Thursday, April 17, 2014
The receiving of Divine Love
This is not an idea; it is a physical fact. But only the opening through sensation can eventually bring this home to an individual, because our understanding of everything is formed through the intellect, and not through Being.
Because Divine Love penetrates everything, everywhere, its movement is never limited, and its arising can take place anywhere, in any part of the body, or any object, at any moment. In point of fact, it is not the arising of Divine Love that is lacking— it already exists everywhere, and always —, but the perception of it. As I have said before, God can come into your little finger; or he could just as easily come into your nose, or one eye. God, in the form of His grace, His mercy, and His Divine Love, goes anywhere He pleases, and at any time— woe to those who only look for Him where they expect to see Him! Only our suspicions and distrust keep us from living this experience; it is our earthly doubt that corrupts us.
In a certain sense, when Gurdjieff entitled Beelzebub's Tales "All and Everything," what he actually meant was Divine Love. Because, ultimately, the entire book is about opening to the receiving of Divine Love. When we speak of the sense and aim of one's existence, there can be no real sense and there can be no real aim that excludes this fundamental and essential principle.
There is no limitation to Divine Love; and no element of creation is worthy of it. One of the essential realizations that conscious Being comes to, to the degree that it attains any form of real ('three-brained') consciousness, is that no created thing is worthy of the love that has created it in the first place. Meister Eckhart goes to great lengths to try and explain this in many different ways in his sermons; creatures — the word he uses for all created things, be they animals, human beings, or "mere" solid objects — all come, to the extent that they become perfect in God, to the awareness of their own unworthiness and the vast distance between truly Divine Love and their own Being. In some senses, his solution for this problem is the dissolving of all of the created back into the creator, a concept which shares many aspects with Buddhist principles. Yet here I touch on theoretical matters that are not as important as the subject at hand, which is the practical matter of becoming open to Divine Love.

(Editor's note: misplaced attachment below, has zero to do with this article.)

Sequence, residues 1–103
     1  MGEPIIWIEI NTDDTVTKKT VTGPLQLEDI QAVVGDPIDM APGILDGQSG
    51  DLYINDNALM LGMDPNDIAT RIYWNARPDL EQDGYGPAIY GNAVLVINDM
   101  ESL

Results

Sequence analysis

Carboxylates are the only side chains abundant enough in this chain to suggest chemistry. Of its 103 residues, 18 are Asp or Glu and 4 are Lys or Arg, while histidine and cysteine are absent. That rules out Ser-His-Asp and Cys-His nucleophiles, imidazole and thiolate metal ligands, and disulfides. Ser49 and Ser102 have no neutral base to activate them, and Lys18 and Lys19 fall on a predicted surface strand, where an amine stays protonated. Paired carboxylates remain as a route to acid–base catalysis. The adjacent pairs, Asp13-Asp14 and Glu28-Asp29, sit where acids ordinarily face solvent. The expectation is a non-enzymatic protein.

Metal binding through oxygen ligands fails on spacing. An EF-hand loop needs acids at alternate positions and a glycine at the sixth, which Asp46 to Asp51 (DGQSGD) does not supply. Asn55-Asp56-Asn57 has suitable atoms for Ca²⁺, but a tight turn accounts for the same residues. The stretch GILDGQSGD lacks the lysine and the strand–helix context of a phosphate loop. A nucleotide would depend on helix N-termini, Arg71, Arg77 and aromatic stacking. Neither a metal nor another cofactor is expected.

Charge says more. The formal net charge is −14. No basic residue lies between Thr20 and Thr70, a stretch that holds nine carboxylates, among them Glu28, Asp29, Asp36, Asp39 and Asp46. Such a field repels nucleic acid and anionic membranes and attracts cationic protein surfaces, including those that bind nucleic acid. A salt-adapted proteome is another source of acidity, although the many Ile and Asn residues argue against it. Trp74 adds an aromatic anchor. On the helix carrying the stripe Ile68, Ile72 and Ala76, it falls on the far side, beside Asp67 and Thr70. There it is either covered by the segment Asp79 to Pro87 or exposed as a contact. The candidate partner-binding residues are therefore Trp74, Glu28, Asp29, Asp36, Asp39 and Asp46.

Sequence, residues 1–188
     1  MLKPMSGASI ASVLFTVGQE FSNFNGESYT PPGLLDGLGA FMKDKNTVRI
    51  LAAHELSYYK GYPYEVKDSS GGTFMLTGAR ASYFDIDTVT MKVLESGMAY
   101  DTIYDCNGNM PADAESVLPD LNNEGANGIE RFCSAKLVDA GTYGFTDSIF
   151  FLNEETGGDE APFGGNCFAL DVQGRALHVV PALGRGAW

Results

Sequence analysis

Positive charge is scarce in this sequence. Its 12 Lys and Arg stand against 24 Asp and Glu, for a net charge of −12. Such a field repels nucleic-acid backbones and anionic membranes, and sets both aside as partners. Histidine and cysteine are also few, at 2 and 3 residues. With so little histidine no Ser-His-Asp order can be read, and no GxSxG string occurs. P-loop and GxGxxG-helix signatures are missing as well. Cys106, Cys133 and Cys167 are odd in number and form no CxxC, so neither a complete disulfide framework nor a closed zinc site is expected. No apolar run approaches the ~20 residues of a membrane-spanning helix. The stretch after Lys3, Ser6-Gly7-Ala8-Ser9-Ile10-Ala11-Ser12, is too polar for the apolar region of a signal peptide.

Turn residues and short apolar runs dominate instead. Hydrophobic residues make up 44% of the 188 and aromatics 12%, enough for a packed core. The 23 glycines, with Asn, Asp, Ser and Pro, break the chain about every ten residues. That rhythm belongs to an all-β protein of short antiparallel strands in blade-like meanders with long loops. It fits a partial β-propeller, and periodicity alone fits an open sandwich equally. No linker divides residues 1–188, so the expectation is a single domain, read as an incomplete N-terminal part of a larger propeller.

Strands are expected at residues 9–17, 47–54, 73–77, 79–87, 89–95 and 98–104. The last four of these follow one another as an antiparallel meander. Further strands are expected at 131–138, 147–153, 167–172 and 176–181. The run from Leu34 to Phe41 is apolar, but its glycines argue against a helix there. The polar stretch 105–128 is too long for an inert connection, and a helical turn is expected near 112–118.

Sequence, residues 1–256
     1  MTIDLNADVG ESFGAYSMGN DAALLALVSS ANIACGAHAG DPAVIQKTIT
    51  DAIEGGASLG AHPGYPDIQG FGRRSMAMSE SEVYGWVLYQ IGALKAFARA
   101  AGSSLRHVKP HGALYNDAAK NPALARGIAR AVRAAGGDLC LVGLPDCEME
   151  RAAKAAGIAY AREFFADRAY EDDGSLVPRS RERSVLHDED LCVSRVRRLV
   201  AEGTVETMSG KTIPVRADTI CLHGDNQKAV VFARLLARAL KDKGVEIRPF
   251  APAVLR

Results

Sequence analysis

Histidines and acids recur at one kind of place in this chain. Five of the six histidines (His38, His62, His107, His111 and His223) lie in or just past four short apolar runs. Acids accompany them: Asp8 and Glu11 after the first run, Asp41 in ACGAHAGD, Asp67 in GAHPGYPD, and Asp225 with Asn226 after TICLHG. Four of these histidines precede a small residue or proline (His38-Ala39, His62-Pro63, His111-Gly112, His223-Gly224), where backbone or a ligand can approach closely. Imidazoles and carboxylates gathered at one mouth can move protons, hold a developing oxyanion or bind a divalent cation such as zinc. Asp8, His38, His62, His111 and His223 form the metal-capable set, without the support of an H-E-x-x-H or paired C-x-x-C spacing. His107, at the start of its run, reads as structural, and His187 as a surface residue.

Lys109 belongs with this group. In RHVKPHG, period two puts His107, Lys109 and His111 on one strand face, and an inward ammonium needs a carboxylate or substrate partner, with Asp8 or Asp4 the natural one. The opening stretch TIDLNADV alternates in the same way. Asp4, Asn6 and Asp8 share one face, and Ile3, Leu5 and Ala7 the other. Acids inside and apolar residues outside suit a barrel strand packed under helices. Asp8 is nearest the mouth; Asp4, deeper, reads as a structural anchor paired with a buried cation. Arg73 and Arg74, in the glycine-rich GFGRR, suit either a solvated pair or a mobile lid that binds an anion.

One of the greatest mysteries of God, which can only be appreciated through direct experience, is the fact that Divine Love blends selflessly and in unfettered generosity with Being, despite the fact that Being has no objective worthiness. This is, in many ways, the greatest measure of Divine Love, for it loves even though no love is deserved, and it loves even though no love is returned. When we hear the words, for example, God so loved the world that he gave his only begotten son, etc., they just sound like words — but if they begin to act in our feelings and we understand these words, it is a devastating experience. Devastating in the sense of creative, of course, although I cannot quite explain this in an essay or, perhaps, ever.
So all of these efforts, these yogic and Tantric practices, these efforts to remember the self, the positions, the movements, everything — all of it is an effort to open to the energy of Divine Love, to open the organs of perception so that we can see how absolutely we dwell within this material truth. If we understand this and our life begins here, everything else will flow naturally from it in exactly the right way. Meister Eckhart, of course, explains this in his sermons as well; but the explanations seem arcane unless we have the experience of the inward flow, and it begins to act within us.
In one way or another, every human being serves as a vehicle for the energy of the angelic realms, and not all of these energies are positive ones. So great care needs to be taken. Not every angel can be trusted; and this is exactly why Gurdjieff populated his book with angels who were fallen, and angels who failed.
Some may think that Divine Love is bliss; but I say that it is suffering. But this is the best, the most wonderful suffering you will ever do; and you will never regret such suffering, but only ask for more of it.
Think on this.